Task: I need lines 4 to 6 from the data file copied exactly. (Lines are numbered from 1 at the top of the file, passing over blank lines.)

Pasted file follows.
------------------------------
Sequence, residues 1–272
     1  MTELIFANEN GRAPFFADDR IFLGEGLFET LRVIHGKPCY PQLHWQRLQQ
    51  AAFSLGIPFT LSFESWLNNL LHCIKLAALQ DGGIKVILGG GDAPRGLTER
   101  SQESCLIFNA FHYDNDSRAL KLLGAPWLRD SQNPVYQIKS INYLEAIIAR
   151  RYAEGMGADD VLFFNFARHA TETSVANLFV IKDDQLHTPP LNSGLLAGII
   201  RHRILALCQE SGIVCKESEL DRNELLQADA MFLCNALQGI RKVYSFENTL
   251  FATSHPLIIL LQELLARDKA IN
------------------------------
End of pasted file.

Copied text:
   101  SQESCLIFNA FHYDNDSRAL KLLGAPWLRD SQNPVYQIKS INYLEAIIAR
   151  RYAEGMGADD VLFFNFARHA TETSVANLFV IKDDQLHTPP LNSGLLAGII
   201  RHRILALCQE SGIVCKESEL DRNELLQADA MFLCNALQGI RKVYSFENTL